Simple falls are costing NHS hospitals nearly £1 BILLION a year to treat – including £65 million for people who have fallen out of bed and almost £1 million for tumbles out of trees.
New data reveals that more than 400,000 people were treated for falls last year, including 98,000 ‘slips, trips and stumbles’ and 40,000 falls down the stairs.
Falls from bed resulted in 22,000 visits to hospital, similar mishaps with chairs accounted for over 12,000, while 1,141 needed treatment after falling from a tree.
The 400,000 injuries resulted in 2.2 million days spent in hospital – and with average day on a ward costing £400, the total cost to the NHS could be £880 million.
The figures, relating to the year 2014-15, were released by the Health and Social Care Information Centre.
Falls from playground equipment resulted in 8,527 hospital visits, with 42 of those aged over 80.
More than 6,800 people fell from ladders, 463 from scaffolding and more than 5,000 fell out of or through a building.
The figures reveal a sharp rise in falls as people enter old age, with the majority of bed falls relating the elderly.
However, there were seven hospital admissions for people over the age of 90 who fell while skateboarding or ice-skating.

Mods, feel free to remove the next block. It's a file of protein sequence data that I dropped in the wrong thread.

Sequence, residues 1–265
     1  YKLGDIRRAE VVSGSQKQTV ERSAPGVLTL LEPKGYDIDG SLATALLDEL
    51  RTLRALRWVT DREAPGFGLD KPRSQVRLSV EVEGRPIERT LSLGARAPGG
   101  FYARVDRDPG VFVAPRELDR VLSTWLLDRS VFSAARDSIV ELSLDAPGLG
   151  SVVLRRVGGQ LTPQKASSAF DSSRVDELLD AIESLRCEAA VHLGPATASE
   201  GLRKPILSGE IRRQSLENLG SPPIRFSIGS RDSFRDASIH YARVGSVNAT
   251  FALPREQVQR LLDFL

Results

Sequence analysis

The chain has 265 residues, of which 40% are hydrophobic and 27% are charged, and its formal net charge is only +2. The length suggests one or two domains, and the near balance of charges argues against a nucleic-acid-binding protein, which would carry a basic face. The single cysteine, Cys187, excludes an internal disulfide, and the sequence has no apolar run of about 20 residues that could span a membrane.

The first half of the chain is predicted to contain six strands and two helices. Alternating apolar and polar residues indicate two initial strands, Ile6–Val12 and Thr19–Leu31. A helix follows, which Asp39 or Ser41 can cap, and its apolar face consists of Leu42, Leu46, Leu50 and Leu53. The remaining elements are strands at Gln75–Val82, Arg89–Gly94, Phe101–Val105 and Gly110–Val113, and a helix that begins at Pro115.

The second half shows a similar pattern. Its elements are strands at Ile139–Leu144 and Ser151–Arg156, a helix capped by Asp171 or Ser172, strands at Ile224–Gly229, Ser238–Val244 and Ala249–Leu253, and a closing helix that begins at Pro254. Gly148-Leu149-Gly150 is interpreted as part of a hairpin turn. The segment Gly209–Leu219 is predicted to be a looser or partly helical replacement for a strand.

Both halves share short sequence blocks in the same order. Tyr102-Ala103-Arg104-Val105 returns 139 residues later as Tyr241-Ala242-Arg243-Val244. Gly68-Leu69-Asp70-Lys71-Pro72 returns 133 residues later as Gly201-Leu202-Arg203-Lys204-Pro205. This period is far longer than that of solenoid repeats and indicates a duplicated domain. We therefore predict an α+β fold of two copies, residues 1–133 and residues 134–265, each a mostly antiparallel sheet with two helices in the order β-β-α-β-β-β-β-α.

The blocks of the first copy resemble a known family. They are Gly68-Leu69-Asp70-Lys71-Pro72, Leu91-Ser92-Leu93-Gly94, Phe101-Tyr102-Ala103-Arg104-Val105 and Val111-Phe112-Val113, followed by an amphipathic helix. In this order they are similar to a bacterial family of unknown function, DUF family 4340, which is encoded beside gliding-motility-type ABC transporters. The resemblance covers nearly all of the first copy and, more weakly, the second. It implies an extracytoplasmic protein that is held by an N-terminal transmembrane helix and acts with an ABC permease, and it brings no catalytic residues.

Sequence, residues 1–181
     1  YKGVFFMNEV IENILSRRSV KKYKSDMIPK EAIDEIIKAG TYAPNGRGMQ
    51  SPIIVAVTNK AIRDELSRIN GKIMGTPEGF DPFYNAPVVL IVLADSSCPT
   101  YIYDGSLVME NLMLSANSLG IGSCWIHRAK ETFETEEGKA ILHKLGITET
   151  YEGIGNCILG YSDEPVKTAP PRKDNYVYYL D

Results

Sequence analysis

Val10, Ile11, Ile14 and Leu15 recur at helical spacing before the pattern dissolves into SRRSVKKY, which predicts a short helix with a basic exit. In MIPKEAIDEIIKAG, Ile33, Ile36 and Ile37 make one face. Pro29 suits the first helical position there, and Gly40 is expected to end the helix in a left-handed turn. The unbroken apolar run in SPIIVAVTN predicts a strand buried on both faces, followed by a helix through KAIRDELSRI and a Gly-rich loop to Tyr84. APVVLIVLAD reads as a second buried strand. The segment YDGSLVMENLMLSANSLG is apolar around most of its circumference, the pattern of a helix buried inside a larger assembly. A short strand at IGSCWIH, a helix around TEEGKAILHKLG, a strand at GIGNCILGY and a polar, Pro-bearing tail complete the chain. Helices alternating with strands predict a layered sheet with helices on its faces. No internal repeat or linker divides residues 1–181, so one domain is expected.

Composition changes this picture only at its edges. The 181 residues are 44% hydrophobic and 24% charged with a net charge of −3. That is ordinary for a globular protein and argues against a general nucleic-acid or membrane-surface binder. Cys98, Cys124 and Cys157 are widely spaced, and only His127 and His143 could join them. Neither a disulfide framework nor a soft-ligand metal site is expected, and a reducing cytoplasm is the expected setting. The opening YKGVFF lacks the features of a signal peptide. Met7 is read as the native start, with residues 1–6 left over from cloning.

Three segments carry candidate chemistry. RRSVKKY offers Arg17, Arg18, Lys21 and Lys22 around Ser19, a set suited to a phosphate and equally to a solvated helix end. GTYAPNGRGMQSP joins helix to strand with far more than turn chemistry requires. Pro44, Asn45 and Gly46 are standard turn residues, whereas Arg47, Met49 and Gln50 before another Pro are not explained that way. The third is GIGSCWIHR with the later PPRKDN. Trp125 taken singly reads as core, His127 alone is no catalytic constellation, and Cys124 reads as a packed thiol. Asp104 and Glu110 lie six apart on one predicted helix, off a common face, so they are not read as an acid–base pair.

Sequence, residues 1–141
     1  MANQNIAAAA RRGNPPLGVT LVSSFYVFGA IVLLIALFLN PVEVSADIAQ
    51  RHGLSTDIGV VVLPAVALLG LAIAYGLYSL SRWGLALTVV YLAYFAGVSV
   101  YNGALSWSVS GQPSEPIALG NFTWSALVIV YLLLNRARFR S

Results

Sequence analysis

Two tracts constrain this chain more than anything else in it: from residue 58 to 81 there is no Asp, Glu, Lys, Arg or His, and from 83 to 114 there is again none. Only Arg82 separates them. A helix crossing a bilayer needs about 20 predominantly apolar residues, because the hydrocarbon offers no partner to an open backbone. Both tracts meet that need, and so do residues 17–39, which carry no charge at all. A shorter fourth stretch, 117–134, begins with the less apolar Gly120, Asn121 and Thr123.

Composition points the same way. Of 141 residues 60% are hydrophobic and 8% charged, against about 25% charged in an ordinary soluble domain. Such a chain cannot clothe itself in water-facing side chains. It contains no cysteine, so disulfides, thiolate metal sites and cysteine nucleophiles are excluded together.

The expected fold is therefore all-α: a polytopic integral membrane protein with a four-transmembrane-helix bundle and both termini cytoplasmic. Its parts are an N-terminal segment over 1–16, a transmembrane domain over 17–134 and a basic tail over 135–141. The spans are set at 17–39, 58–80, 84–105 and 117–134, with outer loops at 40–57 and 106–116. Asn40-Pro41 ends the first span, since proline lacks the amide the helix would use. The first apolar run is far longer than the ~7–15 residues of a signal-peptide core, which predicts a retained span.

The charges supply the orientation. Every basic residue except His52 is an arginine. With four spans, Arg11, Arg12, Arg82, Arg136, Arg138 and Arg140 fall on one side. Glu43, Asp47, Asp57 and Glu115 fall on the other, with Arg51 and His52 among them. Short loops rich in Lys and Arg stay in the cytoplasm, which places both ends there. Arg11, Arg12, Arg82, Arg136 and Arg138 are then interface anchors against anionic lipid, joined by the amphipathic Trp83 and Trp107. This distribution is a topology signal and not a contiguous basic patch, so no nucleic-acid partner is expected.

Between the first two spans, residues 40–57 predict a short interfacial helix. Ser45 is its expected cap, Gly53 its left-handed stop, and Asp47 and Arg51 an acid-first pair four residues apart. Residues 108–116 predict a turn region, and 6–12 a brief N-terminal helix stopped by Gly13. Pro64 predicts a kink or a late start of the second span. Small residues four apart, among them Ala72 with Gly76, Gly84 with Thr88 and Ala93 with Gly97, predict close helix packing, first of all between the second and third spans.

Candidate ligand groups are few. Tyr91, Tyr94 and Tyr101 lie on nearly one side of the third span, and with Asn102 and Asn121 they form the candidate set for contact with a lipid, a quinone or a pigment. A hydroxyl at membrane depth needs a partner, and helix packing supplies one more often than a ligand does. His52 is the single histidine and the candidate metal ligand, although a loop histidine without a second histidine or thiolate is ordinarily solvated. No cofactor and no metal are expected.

The total cost of beds for those injured while roller skating, skateboarding or skiing adds up to £2.5 million, while £4.6 million was spent on bed days for people who had stacked it on ice or snow.
A third of people over 65 – and half of people over 80 – fall at least once a year and falls are the most common cause of death from injury in the over 65s.
Public Health England have said that although conditions in the elderly – such as Parkinson’s, dementia or loss of balance – can contribute to falls, excessive alcohol and being out of shape are also factors.
Poor lifestyle choices like drinking and smoking can cause conditions such as osteoporosis – which weakens the bones and makes Brits all the more susceptible to falling in later life.
The World Health Organisation has even reported that diet plays a important role in preventing falls, as inadequate lack of protein can cause weaknesses and slow recovery.